Exclusive possession is a court order that says only one partner can stay in, or return to, the home and the other partner isn't allowed on the property. If there are children, usually the order also includes that the children are allowed on the property. The order is usually temporary. The court doesn't decide who owns the home or who rented it when deciding which partner can stay in it.
A child is in extended society care when they are in the care and custody of the Children’s Aid Society and they have to stay in their care until one of the following happens:
- the court changes the order
- the child turns 18
- the child gets married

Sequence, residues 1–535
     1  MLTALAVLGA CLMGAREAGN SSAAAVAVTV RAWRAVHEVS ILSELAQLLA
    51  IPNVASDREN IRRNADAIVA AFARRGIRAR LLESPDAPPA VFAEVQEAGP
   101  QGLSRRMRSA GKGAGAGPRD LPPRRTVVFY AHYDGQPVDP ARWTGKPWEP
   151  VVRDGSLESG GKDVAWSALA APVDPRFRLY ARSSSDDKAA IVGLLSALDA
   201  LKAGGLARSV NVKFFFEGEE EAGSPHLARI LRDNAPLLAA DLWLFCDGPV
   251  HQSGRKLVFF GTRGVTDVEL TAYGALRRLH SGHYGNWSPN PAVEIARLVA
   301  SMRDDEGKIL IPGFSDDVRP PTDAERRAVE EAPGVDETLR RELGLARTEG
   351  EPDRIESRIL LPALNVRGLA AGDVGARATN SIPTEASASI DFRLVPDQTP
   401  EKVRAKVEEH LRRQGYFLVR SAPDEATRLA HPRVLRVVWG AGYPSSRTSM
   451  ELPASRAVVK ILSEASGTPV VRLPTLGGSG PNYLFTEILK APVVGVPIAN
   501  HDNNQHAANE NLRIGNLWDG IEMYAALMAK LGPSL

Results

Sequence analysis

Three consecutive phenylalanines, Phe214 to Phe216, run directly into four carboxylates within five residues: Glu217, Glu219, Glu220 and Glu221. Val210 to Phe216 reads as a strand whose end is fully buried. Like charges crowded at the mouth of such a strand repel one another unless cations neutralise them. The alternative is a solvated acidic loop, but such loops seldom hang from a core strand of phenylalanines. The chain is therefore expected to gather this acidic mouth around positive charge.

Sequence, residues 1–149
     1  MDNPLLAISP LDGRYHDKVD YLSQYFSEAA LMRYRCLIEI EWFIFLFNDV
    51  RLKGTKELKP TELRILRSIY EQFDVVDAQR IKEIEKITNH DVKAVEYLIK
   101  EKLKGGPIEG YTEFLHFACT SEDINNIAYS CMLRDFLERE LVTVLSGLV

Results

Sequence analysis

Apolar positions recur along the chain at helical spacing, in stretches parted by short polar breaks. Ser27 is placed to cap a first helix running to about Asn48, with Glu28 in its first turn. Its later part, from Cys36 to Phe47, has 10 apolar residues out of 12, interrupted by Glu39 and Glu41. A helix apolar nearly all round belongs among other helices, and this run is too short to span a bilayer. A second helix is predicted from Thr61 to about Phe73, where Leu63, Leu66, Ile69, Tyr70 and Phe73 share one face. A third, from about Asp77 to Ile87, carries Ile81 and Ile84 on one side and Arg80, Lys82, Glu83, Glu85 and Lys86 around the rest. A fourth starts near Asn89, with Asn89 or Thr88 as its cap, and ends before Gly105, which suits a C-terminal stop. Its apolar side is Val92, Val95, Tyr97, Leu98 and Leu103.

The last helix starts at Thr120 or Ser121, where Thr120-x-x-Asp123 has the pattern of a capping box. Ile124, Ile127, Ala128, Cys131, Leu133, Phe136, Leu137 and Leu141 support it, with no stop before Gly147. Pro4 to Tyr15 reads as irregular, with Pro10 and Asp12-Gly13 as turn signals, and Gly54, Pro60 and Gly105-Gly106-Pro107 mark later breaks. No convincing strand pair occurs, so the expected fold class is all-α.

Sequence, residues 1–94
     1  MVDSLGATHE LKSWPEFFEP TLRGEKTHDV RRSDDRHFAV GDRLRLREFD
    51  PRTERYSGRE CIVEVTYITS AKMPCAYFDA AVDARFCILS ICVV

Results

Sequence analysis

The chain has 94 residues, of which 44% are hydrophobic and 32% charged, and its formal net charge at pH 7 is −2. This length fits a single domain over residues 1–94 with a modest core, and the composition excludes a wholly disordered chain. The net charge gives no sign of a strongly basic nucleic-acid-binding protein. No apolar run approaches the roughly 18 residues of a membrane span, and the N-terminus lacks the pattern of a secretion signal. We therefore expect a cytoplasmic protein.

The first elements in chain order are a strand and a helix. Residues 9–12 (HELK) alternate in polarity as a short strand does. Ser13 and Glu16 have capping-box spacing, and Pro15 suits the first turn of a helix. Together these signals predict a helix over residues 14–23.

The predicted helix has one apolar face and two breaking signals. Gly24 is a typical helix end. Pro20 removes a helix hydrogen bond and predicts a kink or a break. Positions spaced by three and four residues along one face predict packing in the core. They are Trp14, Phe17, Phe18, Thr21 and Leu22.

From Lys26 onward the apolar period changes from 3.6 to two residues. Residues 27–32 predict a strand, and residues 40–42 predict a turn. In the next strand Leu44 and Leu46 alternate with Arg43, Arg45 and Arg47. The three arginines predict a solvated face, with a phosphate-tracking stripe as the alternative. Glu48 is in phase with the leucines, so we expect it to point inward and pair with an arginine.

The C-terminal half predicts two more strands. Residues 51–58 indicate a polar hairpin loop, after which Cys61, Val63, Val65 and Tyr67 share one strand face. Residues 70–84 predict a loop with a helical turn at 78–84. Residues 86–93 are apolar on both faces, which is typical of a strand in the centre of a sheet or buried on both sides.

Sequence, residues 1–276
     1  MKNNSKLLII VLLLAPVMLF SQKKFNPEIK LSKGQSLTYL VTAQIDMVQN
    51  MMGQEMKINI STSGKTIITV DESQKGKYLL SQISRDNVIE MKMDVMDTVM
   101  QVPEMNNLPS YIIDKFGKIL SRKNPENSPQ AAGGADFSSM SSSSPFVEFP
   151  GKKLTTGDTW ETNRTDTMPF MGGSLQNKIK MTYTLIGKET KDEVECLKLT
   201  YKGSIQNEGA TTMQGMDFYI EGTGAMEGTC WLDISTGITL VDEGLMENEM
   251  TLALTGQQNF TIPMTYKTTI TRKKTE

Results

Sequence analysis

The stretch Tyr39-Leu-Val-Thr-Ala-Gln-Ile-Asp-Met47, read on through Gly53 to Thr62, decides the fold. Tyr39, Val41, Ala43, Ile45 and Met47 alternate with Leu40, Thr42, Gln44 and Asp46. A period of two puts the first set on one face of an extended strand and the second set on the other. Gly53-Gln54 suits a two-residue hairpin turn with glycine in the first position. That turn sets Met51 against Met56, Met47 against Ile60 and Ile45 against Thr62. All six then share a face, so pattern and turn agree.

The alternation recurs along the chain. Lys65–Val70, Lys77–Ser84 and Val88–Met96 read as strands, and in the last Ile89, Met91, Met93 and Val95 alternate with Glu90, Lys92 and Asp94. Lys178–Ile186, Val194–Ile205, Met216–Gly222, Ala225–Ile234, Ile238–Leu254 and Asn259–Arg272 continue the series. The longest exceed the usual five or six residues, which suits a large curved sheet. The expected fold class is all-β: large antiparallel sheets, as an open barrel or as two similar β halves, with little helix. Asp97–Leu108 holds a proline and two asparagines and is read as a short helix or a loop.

- the child is adopted
A way of diverting youth criminal behaviour. EJS can be imposed before or after a young person is charged with a criminal offence. Examples of EJS include:
- volunteer work
- compensating the complainant
- attending specialized programs
If you finish the program, your court case is over and you won't have a youth court record, but there will be a police record of your participation in EJS for 2 years.